and passes the payment details to the payment processor of the merchant’s
acquiring bank.

 

            For online purchases, a customer
typically enters their payment information into the shopping cart or online
checkout used by the merchant’s e-commerce platform, which forwards the payment
details to the payment gateway, who in turn communicates with the payment
processor of the merchant’s acquiring bank to authorize the transaction.

A payment
gateway will charge the merchant a small flat fee per order.

 

3.3.Essentials for Fraud Detection:

3.3.1.
Fraud detection in real time
            Anything less is a window for
the criminals to get away.  Even for
batch processes, the scoring engine should evaluate the transaction, and an
authorization or decline result should take place prior to funds movement.

 

3.3.2.Analytics
            Analytics is the only way to
actually detect fraudulent patterns of behavior efficiently.  The production of the analytics should
include a buyer score, which determines how the activity corresponds to the
customers’ actual behavior, and a transaction fraud score, which determine the
fraudulent nature of the operation. 
Understanding customer behavior is essential—it helps reduce the impact
on your customers and your fraud operation by reducing fake positives.  Certain customers transact in ways that may
appear fraudulent. 

 

3.3.3.Workflow
              Workflow is critically important to solving
challenges with fraud resources.  In our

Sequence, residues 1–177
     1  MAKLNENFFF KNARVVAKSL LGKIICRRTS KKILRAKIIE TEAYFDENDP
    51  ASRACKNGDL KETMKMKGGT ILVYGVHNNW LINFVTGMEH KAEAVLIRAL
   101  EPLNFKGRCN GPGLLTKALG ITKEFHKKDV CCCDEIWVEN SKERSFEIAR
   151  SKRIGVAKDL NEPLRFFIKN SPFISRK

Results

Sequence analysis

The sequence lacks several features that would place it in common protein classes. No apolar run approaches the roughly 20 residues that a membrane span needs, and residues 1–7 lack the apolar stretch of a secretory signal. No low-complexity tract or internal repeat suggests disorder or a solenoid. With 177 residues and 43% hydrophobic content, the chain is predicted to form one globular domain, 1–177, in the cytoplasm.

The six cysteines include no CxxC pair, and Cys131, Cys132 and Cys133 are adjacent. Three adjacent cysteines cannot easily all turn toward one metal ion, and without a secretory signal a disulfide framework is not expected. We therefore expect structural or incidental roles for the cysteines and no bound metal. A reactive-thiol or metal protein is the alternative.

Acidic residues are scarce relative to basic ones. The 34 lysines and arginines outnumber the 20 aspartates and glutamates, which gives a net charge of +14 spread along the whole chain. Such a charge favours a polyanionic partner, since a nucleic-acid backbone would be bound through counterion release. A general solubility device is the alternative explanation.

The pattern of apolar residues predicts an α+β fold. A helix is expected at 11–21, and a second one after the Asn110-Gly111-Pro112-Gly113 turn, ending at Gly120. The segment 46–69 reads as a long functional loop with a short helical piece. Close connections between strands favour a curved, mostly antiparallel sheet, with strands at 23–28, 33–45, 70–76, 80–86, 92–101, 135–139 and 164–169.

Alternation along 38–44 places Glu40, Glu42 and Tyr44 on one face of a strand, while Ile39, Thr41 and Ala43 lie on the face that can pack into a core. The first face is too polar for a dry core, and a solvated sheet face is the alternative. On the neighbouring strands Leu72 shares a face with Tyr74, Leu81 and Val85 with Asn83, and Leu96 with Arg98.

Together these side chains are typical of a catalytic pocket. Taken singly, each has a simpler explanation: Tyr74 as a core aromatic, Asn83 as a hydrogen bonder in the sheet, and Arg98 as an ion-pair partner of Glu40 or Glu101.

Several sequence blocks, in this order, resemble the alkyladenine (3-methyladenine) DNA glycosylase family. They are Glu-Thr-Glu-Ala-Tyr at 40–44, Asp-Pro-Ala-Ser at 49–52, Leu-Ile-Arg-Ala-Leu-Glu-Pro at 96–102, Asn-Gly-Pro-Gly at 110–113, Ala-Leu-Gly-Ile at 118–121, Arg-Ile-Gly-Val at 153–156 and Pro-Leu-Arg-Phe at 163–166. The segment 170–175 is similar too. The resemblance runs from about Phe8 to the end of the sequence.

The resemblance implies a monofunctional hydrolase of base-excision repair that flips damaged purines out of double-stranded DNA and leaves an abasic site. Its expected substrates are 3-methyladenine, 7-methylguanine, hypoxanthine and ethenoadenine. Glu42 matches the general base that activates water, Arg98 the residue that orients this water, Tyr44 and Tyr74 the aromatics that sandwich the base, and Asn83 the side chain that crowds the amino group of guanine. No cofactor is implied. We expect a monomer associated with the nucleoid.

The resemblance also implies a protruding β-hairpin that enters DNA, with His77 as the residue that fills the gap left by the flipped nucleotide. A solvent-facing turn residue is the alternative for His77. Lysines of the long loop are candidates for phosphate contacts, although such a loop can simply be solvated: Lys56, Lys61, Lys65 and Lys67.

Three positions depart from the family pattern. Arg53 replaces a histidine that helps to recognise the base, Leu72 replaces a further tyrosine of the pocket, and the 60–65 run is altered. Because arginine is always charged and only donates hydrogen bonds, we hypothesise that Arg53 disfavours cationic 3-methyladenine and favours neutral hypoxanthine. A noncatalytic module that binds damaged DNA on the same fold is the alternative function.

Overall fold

last fraud survey, it was obvious that monetary institution have many hoops to
work through to correct and manage each customer’s fraud issues.  Specific actions, data and processes are
required to handle each type of fraud case and to use as verification for
prosecution.   Depending on the type of
payment defrauded, there are specific steps required to make the customer
whole, and every step to back out the transaction creates working costs.  A cohesive and supple workflow engine allows
analysts to consolidate and, in many cases, automate the remediation process.

 

3.3.4.
Efficient rules engine

              The rules engine links the analytic scoring
to an action based on the currently available information.  Rules are essential to react quickly to shut
down fraud, and allow management and documents of the processes used to define
and refine your actions, in a repeatable and auditable manner. Business rule is
the simplest approach is to use expert knowledge to implement business
knowledge of fraudulent behavior as part of a computer-based expert system. In
the business rules involves the history, frequency, location, goods, phone
number, e-mail address, shipping address, merchant’s website and dollar amounts
of previous transactions for that credit card from its database records. 
Based on credit card details, different type of transaction business rule
created in the rule engine module to find the fraud transaction.

 

4.
CONCLUSIONS

In this paper, a data mining computer program has
been model as a subsystem which can be used with software systems and
applications in banks to detect credit-illegal dishonesty/stealing (by lying)
in a transaction on the internet. This Data mining (online or paper form that
asks for a job, money, admission, etc.) accepts input formatted on a pattern on
which a transaction is being did/done/completed and matches it with the
credit-card holder’s patterns of its credit-card online consumption it’s been
trained with to classify a (happening or viewable immediately, without any
delay) transaction as real and true, suspicious illegal dishonesty/stealing (by
lying) or illegal transaction. In the case of the suspicious illegal
dishonesty/stealing (by lying) classification, the bank using the system can
(ask lots of questions about/try to find the truth about) further by calling
the credit-card owner (related to/looking at/thinking about) the suspicious
fake/illegal (because of lying and stealing) transaction.

 REFERENCES